US-led coalition warns Houthis will face ‘consequences’ if attacks in Red Sea continue
Florida Rep. Cory Mills joins ‘Fox & Friends First’ to weigh in after a U.S.-led coalition warned the Iran-backed Houthis to stop attacks in the Red Sea and discusses plans to re-open four points of entry along the southern border.
In one of their most complex attacks to date, Iranian-backed Houthi rebels targeted international shipping lanes in the southern Red Sea on Tuesday, U.S. Central Command said in a statement.
On Jan. 9, at approximately 9:15 p.m. local time, the Iranian-backed Houthis launched one-way attack UAVs (OWA UAVs), anti-ship cruise missiles, and an anti-ship ballistic missile from Houthi-controlled areas of Yemen towards international shipping lanes in the Southern Red Sea. It took place as dozens of merchant vessels were transiting.
This is the largest drone and missile attack from the Houthi’s since they began attacking commercial shipping in November, a U.S. official confirmed to Fox News.
It is also the 26th Houthi attack on commercial shipping lanes in the Red Sea since Nov. 19.
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The guided-missile destroyer USS Carney in Souda Bay, Greece. The American warship and multiple commercial ships came under attack Sunday, Dec. 3, 2023 in the Red Sea, the Pentagon said, potentially marking a major escalation in a series of maritime attacks in the Mideast linked to the Israel-Hamas war. ((Petty Officer 3rd Class Bill Dodge/U.S. Navy via AP)
In a statement posted to X, U.S. Central Command said the United States military presence in the Red Sea was able to prevent any injuries or damage.
A combined effort of F/A-18s from USS Dwight D. Eisenhower (CVN 69), USS Gravely (DDG 107), USS Laboon (DDG 58), USS Mason (DDG 87), and the United Kingdom’s HMS Diamond (D34) shot down 18 OWA UAVs, two anti-ship cruise missiles, and the anti-ship ballistic missile.
This is a locator map for Yemen with its capital, Sanaa. (AP Photo)
It comes after 14 countries, including the U.S., issued a joint statement on Jan. 3 saying, “The Houthis will bear the responsibility for the consequences should they continue to threaten lives, the global economy, or the free flow of commerce in the region’s critical waterways.”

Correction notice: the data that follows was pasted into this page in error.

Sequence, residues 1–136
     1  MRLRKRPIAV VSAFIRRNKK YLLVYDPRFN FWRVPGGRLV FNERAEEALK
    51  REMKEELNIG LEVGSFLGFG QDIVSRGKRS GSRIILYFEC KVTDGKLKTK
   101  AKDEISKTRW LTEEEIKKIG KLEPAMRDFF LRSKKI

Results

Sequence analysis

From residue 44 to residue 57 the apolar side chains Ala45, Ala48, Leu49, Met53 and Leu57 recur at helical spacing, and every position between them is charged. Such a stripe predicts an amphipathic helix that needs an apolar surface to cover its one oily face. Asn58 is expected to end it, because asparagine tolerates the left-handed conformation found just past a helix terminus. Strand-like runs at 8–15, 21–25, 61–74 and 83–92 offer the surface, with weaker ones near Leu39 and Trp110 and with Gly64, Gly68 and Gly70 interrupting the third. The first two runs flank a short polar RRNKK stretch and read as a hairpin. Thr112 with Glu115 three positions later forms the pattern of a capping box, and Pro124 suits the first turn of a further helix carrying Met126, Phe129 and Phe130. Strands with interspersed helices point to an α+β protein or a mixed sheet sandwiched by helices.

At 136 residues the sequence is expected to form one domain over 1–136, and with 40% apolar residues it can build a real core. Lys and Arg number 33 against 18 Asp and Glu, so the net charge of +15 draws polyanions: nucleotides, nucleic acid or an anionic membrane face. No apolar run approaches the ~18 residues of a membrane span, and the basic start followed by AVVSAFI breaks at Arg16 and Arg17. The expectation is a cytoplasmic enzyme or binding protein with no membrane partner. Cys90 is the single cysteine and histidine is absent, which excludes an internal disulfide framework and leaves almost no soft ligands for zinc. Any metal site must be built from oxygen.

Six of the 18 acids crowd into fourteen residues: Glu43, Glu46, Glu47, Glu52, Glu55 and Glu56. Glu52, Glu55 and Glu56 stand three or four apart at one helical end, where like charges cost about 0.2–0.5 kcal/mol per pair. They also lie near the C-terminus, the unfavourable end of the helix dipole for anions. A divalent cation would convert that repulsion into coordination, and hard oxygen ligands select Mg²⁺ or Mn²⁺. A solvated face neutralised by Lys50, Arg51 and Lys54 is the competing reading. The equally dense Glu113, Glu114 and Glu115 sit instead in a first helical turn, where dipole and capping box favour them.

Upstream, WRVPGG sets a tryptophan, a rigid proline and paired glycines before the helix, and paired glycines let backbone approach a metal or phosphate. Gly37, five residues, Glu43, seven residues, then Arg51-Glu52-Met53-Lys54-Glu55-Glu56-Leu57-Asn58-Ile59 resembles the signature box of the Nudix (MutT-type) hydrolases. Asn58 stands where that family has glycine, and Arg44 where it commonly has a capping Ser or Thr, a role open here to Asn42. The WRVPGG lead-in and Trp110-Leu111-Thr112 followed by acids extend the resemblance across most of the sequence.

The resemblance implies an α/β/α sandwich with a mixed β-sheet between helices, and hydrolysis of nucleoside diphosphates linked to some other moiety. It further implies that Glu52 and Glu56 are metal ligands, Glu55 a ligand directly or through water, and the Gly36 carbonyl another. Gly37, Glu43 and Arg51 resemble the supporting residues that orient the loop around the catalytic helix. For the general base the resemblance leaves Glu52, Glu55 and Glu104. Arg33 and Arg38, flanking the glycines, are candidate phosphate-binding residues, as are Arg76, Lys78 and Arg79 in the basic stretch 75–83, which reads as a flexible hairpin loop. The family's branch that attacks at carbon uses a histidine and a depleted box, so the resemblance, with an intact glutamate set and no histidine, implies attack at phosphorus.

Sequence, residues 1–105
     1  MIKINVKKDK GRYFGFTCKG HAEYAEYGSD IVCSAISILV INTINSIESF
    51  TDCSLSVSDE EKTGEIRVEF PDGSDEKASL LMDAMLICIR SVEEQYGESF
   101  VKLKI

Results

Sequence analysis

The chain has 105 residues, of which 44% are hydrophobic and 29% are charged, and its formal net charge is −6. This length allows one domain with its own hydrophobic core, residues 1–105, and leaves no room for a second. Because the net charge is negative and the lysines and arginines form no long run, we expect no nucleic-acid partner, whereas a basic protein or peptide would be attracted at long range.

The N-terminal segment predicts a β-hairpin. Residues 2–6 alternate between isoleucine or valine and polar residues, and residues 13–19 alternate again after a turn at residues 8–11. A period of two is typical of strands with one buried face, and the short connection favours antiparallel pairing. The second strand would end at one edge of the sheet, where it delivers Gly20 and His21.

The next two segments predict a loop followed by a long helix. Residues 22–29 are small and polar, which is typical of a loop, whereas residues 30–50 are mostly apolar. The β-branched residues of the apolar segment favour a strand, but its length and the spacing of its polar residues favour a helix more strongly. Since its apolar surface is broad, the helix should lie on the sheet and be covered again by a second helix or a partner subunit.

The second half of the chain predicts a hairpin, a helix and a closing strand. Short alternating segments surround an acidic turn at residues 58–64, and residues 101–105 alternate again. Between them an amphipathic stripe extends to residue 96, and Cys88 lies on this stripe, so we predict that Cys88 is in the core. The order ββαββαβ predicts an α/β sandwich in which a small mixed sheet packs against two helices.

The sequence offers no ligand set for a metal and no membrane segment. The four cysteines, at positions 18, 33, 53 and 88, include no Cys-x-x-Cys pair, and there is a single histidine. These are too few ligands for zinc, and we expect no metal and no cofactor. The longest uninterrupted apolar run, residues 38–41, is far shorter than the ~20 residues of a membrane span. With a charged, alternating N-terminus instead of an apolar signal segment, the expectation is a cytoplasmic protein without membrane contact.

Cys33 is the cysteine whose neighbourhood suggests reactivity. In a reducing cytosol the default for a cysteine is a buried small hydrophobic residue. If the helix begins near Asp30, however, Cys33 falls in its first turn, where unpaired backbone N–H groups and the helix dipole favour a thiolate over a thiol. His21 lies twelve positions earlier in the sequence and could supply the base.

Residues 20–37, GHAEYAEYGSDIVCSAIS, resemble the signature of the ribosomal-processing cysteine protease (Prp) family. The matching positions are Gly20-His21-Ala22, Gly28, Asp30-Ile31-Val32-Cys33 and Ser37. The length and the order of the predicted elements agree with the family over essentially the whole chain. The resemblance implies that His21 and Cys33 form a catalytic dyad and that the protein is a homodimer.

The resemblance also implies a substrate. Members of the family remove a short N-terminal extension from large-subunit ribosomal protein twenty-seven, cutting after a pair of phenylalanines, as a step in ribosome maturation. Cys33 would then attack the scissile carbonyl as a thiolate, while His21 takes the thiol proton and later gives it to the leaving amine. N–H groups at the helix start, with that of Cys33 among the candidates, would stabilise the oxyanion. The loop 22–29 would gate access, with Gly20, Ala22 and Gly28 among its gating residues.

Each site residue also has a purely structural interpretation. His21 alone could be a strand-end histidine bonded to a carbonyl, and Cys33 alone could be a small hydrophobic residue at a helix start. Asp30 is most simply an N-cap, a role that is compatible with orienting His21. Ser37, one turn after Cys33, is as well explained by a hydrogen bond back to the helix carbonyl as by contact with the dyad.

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This photo released by the Houthi Media Center shows a Houthi forces helicopter approaching the cargo ship Galaxy Leader on Sunday, Nov. 19, 2023. Yemen’s Houthis have seized the ship in the Red Sea off the coast of Yemen after threatening to seize all vessels owned by Israeli companies. (Houthi Media Center via AP)
The U.S. was joined by the U.K., Australia, Bahrain, Belgium, Canada, Denmark, Germany, Italy, Japan, Netherlands, Singapore and New Zealand in Wednesday’s statement. The nations said that the destabilization of trade throughout the Red Sea is “unacceptable” and vowed consequences.
“Ongoing Houthi attacks in the Red Sea are illegal, unacceptable, and profoundly destabilizing. There is no lawful justification for intentionally targeting civilian shipping and naval vessels. Attacks on vessels, including commercial vessels, using unmanned aerial vehicles, small boats, and missiles, including the first use of anti-ship ballistic missiles against such vessels, are a direct threat to the freedom of navigation that serves as the bedrock of global trade in one of the world’s most critical waterways,” the nations wrote.
Members of the Yemeni Coast Guard affiliated with the Houthi group patrol the sea as demonstrators march through the Red Sea port city of Hodeida in solidarity with the people of Gaza on January 4, 2024, amid the ongoing battles between Israel and the militant Hamas group in Gaza. (AFP via Getty Images)
“Let our message now be clear: we call for the immediate end of these illegal attacks and release of unlawfully detained vessels and crews. The Houthis will bear the responsibility of the consequences should they continue to threaten lives, the global economy, and free flow of commerce in the region’s critical waterways. We remain committed to the international rules-based order and are determined to hold malign actors accountable for unlawful seizures and attacks,” the statement continued.
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The second-largest Houthi attack took place in November, when the USS Carney shot down 15 drones and four cruise missiles.
Fox News’ Anders Hagstrom contributed to this report.